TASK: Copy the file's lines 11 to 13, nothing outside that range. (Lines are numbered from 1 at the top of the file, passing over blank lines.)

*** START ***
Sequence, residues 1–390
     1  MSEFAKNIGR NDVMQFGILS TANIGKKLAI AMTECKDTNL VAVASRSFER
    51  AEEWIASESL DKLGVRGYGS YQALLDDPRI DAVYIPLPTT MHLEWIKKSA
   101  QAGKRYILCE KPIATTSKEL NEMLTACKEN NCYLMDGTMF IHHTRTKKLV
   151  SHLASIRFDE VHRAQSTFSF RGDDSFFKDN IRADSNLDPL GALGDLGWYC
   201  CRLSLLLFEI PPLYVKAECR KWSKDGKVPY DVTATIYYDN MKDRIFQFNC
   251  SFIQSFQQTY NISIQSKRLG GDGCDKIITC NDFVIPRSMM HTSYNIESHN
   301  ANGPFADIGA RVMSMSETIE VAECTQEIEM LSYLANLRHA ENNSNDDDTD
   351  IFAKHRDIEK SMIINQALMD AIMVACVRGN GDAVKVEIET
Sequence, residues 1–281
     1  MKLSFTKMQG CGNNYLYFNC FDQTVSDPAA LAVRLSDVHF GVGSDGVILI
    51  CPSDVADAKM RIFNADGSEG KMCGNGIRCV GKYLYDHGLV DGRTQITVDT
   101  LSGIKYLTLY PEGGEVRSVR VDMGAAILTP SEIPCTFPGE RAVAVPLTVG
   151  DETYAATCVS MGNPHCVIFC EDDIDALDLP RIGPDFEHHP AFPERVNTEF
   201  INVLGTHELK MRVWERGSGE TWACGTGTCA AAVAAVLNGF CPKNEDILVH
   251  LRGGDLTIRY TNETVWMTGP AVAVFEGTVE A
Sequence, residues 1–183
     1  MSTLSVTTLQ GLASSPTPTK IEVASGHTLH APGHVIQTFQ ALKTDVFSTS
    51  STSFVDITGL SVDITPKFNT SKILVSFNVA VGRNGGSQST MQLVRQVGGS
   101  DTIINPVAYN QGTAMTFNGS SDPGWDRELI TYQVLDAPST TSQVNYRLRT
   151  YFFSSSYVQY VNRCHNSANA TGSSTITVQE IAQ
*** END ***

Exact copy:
     1  MKLSFTKMQG CGNNYLYFNC FDQTVSDPAA LAVRLSDVHF GVGSDGVILI
    51  CPSDVADAKM RIFNADGSEG KMCGNGIRCV GKYLYDHGLV DGRTQITVDT
   101  LSGIKYLTLY PEGGEVRSVR VDMGAAILTP SEIPCTFPGE RAVAVPLTVG